This valley of about 700 residents is an outdoorsman’s paradise but not much else. It has a few restaurants, bars, fly shops, motels and fishing lodges but then that is about all an outdoorsman needs.
Daryl L. Hunter the publisher of this web site wrote this article about Swan Valley For Idaho Magazine
Podunk Perfect A Tourist Town Escapee FindsNirvana in Eastern Idaho By Daryl L. Hunter
Carved by the South Fork of the Snake River between the Caribou Range to the west and the Snake River Range and Big Hole Range to the east, it is crowned by twenty-mile-long Palisades Reservoir to the south. It seemed to me a suitable place to land. I had driven through the valley often from my home in Jackson Hole, because Idaho Falls was where the affordable shopping was. I liked the valley because podunk places have always attracted me. Even so, Swan Valley’s abundant charm hadn’t jumped out at me, because everywhere in the Greater Yellowstone region is like this, and as much as you try to fish and hike every location, it just isn’t possible.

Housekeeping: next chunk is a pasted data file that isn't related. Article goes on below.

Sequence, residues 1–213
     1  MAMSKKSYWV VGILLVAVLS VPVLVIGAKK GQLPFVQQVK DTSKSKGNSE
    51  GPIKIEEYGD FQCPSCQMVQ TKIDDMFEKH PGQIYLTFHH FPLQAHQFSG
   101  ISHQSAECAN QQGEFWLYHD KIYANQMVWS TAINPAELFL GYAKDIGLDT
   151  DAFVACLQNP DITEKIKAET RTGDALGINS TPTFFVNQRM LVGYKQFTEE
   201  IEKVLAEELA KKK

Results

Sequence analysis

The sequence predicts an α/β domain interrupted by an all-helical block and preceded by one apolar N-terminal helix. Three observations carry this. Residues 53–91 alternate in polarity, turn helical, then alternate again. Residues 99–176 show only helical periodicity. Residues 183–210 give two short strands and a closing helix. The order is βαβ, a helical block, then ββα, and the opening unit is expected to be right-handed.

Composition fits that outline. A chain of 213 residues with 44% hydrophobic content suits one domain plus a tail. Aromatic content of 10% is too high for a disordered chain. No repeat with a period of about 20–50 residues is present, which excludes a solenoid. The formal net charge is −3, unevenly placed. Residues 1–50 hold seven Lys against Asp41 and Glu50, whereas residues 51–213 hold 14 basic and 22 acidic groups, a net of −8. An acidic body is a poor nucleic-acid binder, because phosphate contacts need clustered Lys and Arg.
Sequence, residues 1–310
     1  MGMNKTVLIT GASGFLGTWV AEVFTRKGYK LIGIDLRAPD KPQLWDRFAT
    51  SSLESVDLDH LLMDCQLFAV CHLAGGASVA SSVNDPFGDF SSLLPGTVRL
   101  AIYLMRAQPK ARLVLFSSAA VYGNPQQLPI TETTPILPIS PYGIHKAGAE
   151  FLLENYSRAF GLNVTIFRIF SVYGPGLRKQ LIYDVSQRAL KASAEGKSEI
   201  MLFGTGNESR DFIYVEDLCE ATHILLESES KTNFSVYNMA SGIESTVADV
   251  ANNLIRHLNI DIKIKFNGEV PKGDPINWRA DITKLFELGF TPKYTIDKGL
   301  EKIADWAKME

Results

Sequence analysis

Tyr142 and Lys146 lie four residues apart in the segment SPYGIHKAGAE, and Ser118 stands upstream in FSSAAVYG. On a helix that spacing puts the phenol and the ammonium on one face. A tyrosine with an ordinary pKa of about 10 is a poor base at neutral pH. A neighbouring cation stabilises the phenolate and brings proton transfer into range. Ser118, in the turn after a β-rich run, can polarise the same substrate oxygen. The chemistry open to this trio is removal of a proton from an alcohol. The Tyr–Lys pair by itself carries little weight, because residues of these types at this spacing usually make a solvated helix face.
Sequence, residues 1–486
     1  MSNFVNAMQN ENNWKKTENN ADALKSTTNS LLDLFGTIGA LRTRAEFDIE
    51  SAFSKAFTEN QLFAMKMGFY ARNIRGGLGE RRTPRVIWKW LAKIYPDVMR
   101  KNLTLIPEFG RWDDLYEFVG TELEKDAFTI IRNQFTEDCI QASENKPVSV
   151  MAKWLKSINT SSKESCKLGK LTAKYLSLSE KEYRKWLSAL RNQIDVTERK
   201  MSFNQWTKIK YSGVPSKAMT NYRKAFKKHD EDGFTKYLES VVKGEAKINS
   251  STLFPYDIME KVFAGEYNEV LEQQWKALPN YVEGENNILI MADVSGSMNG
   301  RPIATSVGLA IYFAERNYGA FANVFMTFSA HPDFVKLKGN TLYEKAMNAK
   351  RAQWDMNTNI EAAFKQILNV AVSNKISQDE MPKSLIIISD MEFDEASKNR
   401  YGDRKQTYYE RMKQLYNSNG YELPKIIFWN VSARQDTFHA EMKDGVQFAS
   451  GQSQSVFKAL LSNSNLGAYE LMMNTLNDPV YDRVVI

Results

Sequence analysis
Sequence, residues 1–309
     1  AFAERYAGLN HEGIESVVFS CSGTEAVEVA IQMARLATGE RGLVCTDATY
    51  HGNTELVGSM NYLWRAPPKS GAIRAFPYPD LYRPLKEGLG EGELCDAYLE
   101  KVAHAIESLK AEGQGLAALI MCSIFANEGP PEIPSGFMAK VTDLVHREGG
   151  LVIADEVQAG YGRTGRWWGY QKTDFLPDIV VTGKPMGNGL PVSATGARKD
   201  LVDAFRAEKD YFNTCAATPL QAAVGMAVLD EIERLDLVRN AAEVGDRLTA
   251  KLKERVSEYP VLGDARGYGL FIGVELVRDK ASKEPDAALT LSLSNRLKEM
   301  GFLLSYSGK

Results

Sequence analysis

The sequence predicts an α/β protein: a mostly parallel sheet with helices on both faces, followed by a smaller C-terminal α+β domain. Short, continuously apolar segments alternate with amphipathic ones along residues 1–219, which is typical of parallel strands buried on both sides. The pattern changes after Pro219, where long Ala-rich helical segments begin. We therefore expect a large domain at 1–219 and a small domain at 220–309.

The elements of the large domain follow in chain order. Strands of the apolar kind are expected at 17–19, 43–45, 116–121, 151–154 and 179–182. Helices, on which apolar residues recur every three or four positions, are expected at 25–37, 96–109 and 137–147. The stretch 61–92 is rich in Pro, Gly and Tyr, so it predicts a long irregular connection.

After I finally took a closer took, I made an offer on my future home, cast a fly upon the waters of the South Fork of the Snake, and in no time at all had a writhing, two-pound rainbow tail dancing across an eddy as the fish tried for the fast water a short distance away. Ah, ha! I had heard the South Fork was a better fishery than the Upper Snake, but had never bothered to try it. Now I was hooked..................Rest Of Story
Old South Fork Lodge; RIP
Once upon a time there was an awesome fishing lodge on the South Fork of the Snake River, started dozens of years ago by Buell Warner, a cantankerous and colorful western character who spawned stories of trophy hunting, fishing and poaching.
The lodge was on the north bank of the Snake River and like many lodges of the day it was a rough and rowdy place to drink and stay while fishing or hunting in Swan Valley. Catching trophy trout or hunting by day and reveling about tales maybe not so tall of the exploits of Buell at night was a fine way to spend time in the mountains of eastern Idaho.
Buell's son Spence bought the lodge in 1976. Spence was another colorful character, not quite as outrageous as his father, but quite the jolly host and entrepreneur with his own repertoire of stories to be told to the eager listener who dropped by to wet a line.---------> rest of story
Community planning in America